Sri Lanka leftist parties
|This article does not cite any references or sources. (December 2009)|
|This article is part of a series on the
politics and government of
During the Donoughmore period of political experimentation (1931–48), several Sri Lanka leftist parties were formed. Unlike most other Sri Lankan parties, these leftist parties were noncommunal in membership.
Working-class activism, especially trade unionism, became an important political factor during the sustained economic slump between the world wars. The first important leftist party was the Labour Party, founded in 1931 by A.E. Goonesinha, but this had drifted into communalist strike-breaking action by 1937. Three Marxist oriented parties—the Ceylon Equal Society Party (Lanka Sama Samaja Party—LSSP), the Bolshevik-Leninist Party, and the Communist Party of Sri Lanka (CPSL)--represented the Left proper. They grew out of the Youth League movement, the struggle to get funds for Sri Lankan ex-servicemen, volunteer work during the Malaria Epidemic and the anti-colonial struggle of the 1930s, which culminated in the call for full independence (eschewed by D.S. Senanayake and others of the elite). All three were divided on both ideological and personal grounds. The Soviet Union's expulsion of Leon Trotsky from the Communist Party after Lenin's death in 1924 and Stalin's subsequent decision to enter World War II on the Allied side exacerbated these differences, dividing the Communists into Trotskyists and Stalinists.
The LSSP, formed in 1935 and the oldest of the Sri Lankan Marxist parties, indeed of all existing Sri Lankan parties, took a stance independent of the Soviet Union, becoming affiliated with the Trotskyist Fourth International, which was a rival of the Comintern. Its two representatives in the State Council, Philip Gunawardena and Dr N.M. Perera, were a thorn in the side of the British colonial administration. Most LSSP leaders were arrested during World War II for their opposition to what they considered to be an "imperialist war." However, they managed to escape and the LSSP's underground work continued throughout the war. The party's propaganda was a vital element in the mutiny of the Ceylon Garrison Artillery on the Cocos Islands in 1942. It was the main opposition party after the general elections of 1936, 1947 and 1956, the second largest party in Parliament after the general elections of 1947, 1956 and 1970.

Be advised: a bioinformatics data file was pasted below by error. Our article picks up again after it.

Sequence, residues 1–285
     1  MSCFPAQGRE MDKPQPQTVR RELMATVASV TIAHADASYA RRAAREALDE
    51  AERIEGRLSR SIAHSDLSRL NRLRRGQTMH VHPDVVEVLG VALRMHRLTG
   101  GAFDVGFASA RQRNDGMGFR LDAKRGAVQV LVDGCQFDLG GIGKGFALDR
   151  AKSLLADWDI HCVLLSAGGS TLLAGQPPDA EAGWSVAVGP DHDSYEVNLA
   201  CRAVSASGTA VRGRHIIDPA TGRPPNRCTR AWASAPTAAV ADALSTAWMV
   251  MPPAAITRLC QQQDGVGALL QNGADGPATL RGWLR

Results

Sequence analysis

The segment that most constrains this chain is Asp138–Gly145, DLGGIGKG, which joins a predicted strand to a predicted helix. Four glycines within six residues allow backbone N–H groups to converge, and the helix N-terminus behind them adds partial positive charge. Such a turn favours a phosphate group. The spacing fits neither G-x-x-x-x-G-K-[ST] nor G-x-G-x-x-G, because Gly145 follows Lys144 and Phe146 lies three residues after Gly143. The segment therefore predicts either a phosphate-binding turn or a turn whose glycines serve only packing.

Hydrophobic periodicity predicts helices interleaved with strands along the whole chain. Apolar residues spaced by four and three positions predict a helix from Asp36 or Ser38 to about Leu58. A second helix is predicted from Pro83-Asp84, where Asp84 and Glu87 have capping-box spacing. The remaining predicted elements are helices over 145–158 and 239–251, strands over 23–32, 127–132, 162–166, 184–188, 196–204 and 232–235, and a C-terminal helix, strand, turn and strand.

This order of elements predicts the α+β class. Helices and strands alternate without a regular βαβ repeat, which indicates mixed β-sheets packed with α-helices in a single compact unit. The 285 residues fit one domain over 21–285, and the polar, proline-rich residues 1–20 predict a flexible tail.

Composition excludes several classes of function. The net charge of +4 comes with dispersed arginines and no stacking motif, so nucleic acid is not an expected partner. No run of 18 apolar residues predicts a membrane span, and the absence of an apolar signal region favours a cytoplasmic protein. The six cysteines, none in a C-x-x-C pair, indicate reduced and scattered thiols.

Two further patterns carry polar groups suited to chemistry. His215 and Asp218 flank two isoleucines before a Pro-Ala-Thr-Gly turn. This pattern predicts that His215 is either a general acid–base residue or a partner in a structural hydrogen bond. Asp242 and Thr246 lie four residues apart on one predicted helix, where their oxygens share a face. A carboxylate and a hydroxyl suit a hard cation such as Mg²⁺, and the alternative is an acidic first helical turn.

Although in more recent years, the LSSP has been considered a politically spent force, gaining, for example less than 1% of the vote in the 1982 presidential elections, it has nevertheless been touted as the world's only successful Trotskyist party. This was because it participated in Government and because it has played a role far larger than its electoral success would suggest, having been ideologically hegemonic in the period 1936-1977. The 1972 Republican Constitution was drafted by Dr Colvin R. de Silva, an LSSP Minister and the country's leading lawyer.
The CPSL, which began as a Stalinist faction of the LSSP that was later expelled, formed its own party in 1943, remaining faithful to the dictates of the Communist Party of the Soviet Union. The Bolshevik-Leninist Party was formed in 1945 as another breakaway group of the LSSP, which reunited with its parent in 1950.
The leftist parties represented the numerically small urban working class and the larger rural working class concentrated in the plantations and mines. Partly because these parties operated through the medium of trade unionism, they lacked the wider mass appeal needed at the national level to provide an effective extra-parliamentary challenge to the central government. Nonetheless, because the leftists occasionally formed temporary political coalitions before national elections, they posed more than just a mere "parliamentary nuisance factor." In 1953 it was the left who summoned the 'Hartal' of 1953 which led to the resignation of the Prime minister, Dudley Senanayake.